Honda UK Manufacturing has followed the local Toyota unit by requesting wage cuts in return for no compulsory redundancies as the key auto workers’ union said its priority was to secure jobs.

The comments came after plant director Dave Hodgetts wrote to workers, currently on a four-month furlough that began in January, offering them again to consider the current ‘Associate Release Programme’ (ARP), in place since last December, offering financial incentives to leave. The company has always insisted ARP is not a redundancy programme and is voluntary.

According to the BBC, the letter to workers said Honda would book a loss of GBP320m for 2009 and added: “We cannot find much encouragement for the next 12 months.

“The seriousness for the global car industry and the unpredictability of what will happen in the future cannot be underestimated.”

Unite’s regional officer, Jim D’Avila, said: “Honda is following Toyota’s lead. In return for no compulsory redundancies the company is asking the staff to accept cuts in pay. No decision has been made. Unite’s priority is to secure jobs and give our members a fighting chance of coming through this economic turmoil with their jobs and livelihoods intact.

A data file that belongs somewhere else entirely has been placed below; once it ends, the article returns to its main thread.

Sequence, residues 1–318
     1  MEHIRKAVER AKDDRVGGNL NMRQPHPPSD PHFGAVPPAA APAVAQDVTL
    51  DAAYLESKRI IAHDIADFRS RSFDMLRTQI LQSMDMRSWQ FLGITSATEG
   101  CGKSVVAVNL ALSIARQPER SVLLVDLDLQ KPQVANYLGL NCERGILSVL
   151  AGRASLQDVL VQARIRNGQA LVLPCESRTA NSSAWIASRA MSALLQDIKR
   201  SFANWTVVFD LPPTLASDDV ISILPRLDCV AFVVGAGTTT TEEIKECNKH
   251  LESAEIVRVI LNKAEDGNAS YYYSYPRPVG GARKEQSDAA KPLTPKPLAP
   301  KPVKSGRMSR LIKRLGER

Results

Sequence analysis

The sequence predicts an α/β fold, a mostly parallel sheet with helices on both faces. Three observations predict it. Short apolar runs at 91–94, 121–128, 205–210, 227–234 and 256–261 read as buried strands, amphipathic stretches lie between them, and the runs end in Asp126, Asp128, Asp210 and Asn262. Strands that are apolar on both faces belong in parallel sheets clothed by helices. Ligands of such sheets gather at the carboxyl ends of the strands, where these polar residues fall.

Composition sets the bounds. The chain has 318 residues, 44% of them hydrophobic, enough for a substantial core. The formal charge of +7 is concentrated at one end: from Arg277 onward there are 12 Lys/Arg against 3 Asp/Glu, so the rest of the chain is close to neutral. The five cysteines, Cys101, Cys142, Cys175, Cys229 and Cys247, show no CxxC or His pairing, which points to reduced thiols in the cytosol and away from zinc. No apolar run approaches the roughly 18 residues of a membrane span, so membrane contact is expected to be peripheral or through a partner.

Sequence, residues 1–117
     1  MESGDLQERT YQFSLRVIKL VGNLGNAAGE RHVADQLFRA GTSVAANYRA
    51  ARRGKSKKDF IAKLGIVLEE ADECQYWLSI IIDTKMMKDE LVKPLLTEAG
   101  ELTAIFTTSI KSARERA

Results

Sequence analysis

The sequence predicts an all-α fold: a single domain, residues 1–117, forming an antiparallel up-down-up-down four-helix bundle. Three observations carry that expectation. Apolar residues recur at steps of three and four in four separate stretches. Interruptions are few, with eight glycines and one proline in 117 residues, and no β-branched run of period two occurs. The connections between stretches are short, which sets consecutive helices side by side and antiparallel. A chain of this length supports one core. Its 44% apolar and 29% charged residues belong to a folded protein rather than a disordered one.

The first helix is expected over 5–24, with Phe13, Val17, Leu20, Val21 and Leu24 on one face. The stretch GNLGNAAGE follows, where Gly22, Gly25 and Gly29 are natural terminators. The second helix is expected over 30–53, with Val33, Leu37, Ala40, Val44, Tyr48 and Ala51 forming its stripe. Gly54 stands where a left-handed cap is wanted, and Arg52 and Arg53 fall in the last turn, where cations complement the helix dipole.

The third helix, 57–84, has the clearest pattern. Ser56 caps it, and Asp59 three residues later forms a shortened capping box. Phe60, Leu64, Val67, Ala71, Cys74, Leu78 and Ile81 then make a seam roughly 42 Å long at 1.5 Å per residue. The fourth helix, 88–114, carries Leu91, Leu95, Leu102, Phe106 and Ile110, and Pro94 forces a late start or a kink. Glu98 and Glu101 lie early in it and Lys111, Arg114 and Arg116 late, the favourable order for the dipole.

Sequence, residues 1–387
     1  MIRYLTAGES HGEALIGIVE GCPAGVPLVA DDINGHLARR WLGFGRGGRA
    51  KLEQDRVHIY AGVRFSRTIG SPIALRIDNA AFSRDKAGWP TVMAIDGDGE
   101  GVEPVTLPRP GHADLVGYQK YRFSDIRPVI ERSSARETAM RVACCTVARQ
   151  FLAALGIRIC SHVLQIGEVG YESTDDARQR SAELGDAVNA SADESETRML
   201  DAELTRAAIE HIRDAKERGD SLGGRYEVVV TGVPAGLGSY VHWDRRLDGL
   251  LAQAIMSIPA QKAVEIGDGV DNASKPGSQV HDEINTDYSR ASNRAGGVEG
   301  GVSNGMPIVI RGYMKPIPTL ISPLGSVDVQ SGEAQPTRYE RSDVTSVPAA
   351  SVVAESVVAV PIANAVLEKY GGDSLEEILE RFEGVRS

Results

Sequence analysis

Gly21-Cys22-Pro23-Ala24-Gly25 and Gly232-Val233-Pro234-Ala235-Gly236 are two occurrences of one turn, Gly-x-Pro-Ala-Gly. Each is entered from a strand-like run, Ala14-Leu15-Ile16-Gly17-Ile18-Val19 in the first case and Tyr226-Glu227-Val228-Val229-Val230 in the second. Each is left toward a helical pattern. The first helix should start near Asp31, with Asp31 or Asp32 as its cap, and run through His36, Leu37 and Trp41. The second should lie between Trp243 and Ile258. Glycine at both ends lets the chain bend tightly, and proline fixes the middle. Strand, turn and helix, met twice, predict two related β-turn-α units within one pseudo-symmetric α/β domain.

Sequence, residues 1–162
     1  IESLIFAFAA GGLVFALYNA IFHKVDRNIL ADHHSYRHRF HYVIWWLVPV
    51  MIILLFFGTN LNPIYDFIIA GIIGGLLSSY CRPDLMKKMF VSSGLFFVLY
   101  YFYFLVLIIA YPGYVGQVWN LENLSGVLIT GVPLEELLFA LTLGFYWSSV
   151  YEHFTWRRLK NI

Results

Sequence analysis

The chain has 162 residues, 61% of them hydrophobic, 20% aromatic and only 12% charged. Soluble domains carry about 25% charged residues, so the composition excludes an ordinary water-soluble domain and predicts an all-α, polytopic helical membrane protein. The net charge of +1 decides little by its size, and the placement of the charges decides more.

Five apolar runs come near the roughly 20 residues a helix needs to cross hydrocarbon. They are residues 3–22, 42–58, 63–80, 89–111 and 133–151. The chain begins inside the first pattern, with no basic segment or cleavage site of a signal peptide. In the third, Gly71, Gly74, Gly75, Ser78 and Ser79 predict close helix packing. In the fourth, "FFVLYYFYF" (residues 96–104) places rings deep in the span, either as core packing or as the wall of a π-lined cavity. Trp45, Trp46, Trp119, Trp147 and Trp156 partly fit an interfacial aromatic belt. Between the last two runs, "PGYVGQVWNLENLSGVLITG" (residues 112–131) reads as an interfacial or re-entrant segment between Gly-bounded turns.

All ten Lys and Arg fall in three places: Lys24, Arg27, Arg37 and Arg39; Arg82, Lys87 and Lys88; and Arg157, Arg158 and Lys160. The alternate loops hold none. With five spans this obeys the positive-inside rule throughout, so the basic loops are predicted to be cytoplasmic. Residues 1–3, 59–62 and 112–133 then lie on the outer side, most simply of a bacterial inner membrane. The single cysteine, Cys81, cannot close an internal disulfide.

“The union will be entering into negotiations with management. We intend to ensure that these discussions are genuine negotiations which seek to produce a realistic outcome.”

“Any decision will not be taken lightly. We expect Honda to ensure none of our members’ benefits are eroded in the long term and that these skilled workers will remain in place and at work ready for when the upturn comes.”

Honda did not immediately return calls seeking comment.

The BBC said about 1,000 of the 5,000 Swindon workers had already taken up the ARP offer. The letter added there was “likely to be a one year pay cut for all associates” who remained. Japanese workers have seen pay cut 10%, with senior managers taking a 15% cut and all bonuses suspended.

A Honda UK spokesman confirmed to the BBC the letter was sent but declined further comment.